The British Science Association (BSA) hosted CSI Norwich, opening the doors to the public at the Norwich Science Festival (NSF) at the Forum.

This particular science event was filled with junior detectives investigating a crime scene, with the aim of educating children from key stage two upwards.

A large computer screen in the background presented four murder suspect profiles and used science to deduce who the murderer was. Volunteers dressed in white lab coats performed a series of science experiments, including DNA extraction, scientific fingerprint study and an analysis of mysterious chemicals through chromatography.

Visitors also had the opportunity to examine the suspects’ DNA sequences and deduce who they thought the murderer was.

CSI Norwich also specialised in blood typing, where four suspects blood was tested to see which suspect committed the crime.

The suspect whose blood presented more of a cloudy colour was automatically eliminated from the investigation. The Anti A solution was bound to the A antigens, alongside the B and O solutions that were discovered to have negative results. The suspects who were found to have A antigens in their blood were more likely to be the murderers.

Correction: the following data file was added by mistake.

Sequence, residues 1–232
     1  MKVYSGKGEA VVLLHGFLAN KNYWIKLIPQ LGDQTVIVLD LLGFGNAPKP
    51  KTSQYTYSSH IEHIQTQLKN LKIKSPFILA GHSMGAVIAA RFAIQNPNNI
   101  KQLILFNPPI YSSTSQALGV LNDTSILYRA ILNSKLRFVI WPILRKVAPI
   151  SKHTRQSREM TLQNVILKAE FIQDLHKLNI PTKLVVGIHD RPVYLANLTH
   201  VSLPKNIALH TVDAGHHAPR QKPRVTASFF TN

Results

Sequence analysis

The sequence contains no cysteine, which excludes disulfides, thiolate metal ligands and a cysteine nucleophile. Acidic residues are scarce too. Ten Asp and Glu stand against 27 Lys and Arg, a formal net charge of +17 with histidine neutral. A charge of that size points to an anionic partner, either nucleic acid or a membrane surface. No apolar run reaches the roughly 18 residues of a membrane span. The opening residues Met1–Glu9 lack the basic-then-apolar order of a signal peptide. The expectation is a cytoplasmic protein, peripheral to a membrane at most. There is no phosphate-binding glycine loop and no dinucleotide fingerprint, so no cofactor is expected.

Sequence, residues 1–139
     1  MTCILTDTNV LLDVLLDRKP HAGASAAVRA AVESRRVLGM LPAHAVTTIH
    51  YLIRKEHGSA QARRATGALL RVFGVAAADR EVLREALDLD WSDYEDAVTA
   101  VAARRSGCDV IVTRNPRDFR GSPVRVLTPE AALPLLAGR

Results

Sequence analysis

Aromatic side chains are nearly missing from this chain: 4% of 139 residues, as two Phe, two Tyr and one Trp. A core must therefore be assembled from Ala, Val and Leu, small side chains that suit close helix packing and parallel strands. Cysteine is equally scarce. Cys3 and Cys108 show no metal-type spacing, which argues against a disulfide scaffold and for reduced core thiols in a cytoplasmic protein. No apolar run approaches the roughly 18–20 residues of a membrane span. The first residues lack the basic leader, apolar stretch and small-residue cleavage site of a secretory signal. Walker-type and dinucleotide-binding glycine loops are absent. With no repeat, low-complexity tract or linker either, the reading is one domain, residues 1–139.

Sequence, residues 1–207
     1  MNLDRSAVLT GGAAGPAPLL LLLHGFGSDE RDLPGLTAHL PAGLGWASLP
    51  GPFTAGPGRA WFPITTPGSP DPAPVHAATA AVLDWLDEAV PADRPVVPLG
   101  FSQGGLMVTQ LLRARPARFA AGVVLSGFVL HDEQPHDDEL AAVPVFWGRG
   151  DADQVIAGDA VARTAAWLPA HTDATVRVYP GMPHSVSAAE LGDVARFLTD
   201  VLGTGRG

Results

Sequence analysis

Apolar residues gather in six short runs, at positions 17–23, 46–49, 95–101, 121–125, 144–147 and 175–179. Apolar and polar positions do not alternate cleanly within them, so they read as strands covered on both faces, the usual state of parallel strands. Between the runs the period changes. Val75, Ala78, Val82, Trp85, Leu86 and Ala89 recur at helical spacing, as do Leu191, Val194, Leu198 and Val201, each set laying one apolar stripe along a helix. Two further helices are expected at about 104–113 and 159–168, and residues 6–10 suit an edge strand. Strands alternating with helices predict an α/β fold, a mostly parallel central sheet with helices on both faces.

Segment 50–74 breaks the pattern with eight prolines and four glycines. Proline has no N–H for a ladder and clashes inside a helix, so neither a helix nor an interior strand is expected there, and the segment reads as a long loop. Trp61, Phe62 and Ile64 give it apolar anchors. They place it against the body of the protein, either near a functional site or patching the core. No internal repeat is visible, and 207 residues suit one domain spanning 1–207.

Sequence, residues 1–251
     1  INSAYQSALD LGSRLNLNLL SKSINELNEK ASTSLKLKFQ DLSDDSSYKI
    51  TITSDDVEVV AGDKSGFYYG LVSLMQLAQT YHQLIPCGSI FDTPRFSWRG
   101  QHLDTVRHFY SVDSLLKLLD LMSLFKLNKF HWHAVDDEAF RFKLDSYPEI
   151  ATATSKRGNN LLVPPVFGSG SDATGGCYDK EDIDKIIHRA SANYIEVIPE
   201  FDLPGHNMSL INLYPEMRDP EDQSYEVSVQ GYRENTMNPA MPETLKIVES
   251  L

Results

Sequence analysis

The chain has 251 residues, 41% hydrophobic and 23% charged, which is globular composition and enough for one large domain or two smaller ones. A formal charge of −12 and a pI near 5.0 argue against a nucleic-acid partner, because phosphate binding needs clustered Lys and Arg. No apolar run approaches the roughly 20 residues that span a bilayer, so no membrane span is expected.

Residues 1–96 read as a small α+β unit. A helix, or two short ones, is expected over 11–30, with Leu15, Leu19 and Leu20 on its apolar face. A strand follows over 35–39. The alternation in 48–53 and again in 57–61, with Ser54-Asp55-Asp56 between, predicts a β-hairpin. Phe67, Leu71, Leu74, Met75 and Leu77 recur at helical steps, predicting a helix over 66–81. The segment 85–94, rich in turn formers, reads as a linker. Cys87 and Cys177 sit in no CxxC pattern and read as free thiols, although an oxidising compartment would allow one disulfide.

A former food safety researcher, Duncan Gaskin said: “CSI Norwich uses science and logic to eliminate the suspects in a crime scene. This is a model based on real forensic tests.”

Forensic testing was put into place at the various stalls, such as looking at the fabrics with all of the suspects wearing black clothes under the microscopes.

PhD scientist and Chair of BSA, Freya Varden said: “This form of forensic identification is all about science.”

She added: “To get the answers, you have to do the science.”

This particular scenario of examining the fabrics is a great way for the visitors to learn about a CSI investigation and the science and testing involved behind the scenes.